“Learn how inequalities in factors like income, food access, health care access, housing, transportation and more impact minority populations disproportionately affected by diabetes during this pandemic. In addition, learn about ADA’s Advocacy efforts to address these upstream factors contributing to health as they relate to diabetes and COVID-19, and how you can raise your voice in support of ADA’s vital health equity work.”

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Case studies, research and factsheets on depression, substance use, and other mental illnesses

Types of Dementia
From the Alzheimer’s Association.

Grandpa, Do You Know Who I Am? (video)
(Approx. 30 minutes) Directed and Produced by Eamon Harrington and John Watkin; based on the book “What’s Happening to Grandpa?” by Maria Shriver

Men and Depression (PDF; 74.3 KB)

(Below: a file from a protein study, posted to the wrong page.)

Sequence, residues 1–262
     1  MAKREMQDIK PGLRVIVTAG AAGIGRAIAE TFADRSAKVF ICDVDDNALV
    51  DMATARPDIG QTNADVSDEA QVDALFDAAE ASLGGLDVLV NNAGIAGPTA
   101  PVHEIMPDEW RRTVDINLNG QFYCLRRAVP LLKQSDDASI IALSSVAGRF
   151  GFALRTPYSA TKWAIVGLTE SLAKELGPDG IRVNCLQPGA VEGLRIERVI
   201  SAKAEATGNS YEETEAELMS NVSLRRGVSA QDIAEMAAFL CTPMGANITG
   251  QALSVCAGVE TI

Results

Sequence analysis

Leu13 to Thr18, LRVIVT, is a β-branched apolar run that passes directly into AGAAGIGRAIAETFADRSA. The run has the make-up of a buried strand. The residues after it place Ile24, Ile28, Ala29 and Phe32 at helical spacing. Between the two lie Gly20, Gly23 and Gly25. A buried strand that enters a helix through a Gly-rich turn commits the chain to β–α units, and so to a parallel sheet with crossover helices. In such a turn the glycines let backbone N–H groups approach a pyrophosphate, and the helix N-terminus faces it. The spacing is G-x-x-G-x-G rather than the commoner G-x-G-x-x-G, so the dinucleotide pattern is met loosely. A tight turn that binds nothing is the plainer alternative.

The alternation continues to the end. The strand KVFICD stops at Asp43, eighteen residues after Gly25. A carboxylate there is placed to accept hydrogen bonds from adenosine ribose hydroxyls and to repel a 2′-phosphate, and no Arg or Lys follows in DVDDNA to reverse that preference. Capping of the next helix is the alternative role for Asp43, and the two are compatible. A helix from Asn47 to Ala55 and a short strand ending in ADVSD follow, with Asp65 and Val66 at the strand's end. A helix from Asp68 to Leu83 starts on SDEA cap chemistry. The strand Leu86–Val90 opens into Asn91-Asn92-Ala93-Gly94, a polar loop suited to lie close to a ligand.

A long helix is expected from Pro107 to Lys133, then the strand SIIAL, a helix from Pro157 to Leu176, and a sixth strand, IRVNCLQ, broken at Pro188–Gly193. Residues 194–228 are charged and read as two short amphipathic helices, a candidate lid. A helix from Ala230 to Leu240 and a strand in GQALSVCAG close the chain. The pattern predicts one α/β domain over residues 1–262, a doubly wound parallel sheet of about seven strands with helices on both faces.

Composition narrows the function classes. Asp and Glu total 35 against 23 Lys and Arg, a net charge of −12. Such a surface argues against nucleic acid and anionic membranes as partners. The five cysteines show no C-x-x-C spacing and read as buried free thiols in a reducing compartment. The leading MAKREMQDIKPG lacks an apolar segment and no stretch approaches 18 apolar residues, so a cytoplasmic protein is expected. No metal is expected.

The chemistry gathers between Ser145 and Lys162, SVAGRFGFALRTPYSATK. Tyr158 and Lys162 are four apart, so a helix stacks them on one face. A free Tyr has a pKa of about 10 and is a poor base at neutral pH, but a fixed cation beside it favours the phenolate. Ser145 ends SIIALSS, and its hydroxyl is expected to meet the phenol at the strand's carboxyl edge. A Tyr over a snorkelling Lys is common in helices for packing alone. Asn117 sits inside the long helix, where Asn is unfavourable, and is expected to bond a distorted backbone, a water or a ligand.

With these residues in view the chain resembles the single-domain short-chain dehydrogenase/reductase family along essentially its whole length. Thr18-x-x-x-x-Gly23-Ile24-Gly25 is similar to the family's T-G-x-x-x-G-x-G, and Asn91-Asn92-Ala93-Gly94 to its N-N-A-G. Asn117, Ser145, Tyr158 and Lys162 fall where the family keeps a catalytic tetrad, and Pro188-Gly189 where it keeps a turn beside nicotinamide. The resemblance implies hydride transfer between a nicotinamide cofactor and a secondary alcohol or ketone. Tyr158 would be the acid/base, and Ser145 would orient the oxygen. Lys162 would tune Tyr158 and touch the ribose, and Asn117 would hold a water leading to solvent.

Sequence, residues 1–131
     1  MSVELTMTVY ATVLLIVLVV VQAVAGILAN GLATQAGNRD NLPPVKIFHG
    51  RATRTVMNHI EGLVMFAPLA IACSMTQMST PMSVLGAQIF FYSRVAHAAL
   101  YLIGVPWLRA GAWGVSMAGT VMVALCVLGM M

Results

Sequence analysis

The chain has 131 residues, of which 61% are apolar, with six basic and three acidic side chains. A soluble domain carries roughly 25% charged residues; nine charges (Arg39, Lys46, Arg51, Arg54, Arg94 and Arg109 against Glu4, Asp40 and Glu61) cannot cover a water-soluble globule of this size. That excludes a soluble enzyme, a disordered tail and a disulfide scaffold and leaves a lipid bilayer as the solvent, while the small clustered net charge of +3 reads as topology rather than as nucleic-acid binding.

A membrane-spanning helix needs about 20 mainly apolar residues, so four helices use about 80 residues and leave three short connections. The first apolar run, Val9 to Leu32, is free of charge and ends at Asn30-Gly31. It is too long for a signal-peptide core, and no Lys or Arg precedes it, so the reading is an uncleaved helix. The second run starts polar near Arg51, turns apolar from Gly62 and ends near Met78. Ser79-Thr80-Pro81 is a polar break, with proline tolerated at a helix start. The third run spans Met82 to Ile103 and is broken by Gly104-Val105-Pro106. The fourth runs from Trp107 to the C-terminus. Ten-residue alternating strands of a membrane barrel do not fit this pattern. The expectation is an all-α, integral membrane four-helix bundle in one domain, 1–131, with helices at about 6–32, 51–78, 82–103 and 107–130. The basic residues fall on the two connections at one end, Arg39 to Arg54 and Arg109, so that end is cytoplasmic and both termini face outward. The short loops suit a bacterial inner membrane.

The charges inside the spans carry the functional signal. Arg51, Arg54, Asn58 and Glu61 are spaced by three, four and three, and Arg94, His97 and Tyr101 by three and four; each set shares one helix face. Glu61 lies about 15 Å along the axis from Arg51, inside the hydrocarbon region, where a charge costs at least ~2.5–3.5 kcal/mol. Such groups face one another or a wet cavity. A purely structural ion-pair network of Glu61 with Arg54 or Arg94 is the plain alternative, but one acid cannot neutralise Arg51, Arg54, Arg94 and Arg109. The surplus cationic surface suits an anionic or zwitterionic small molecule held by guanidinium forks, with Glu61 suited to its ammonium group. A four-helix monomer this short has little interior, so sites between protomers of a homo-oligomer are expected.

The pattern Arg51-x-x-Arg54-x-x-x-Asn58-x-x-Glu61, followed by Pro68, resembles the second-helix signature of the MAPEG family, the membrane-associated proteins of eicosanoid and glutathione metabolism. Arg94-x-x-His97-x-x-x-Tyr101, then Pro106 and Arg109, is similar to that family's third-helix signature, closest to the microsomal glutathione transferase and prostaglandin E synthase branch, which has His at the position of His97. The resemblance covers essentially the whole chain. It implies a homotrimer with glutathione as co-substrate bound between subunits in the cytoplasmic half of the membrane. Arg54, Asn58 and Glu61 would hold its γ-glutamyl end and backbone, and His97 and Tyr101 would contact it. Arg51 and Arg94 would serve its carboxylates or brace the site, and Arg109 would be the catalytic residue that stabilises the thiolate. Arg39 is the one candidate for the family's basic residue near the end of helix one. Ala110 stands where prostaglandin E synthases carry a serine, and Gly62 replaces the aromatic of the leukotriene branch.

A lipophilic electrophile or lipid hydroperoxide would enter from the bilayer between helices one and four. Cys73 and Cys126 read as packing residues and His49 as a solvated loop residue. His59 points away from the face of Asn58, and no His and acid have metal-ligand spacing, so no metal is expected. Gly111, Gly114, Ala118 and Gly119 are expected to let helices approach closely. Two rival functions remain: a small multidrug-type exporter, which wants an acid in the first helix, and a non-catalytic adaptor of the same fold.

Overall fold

A factsheet from the National Alliance on Mental Illness.

Major Depressive Disorder: Janet (PDF; 95.4 KB)
An in-depth case study and discussion adapted from Case Studies in Abnormal Psychology, by Olrmanns, Neale and Davison.

National Institute on Alcohol Abuse and Alcoholism

National Institute on Drug Abuse

Alcohol and Drug Abuse Institute of University of Washington

Rethinking Drinking
A resource from the NIAAA for reevaluating individual drinking habits
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The language of health insurance, especially when it comes to costs, can be complex and confusing. This excerpt from online course Navigating Health Insurance helps demystify.


May also be known as co-payment(see below). Co-insurance is the percentage paid for services after the deductible has been met. For example, you may pay 20% while the insurance company pays 80%.

Example: Leo has a family health insurance plan with a $500 deductible and 20% co-insurance. In March, the entire family had checkups, which cost $500. The deductible hadn’t been met yet, so Leo paid the doctors for these checkups. Then in April, one of his daughters became sick, and the doctor visit cost $50. Since the deductible was paid, Leo paid $10 (20% of that cost), and the insurance company paid $40 (80%).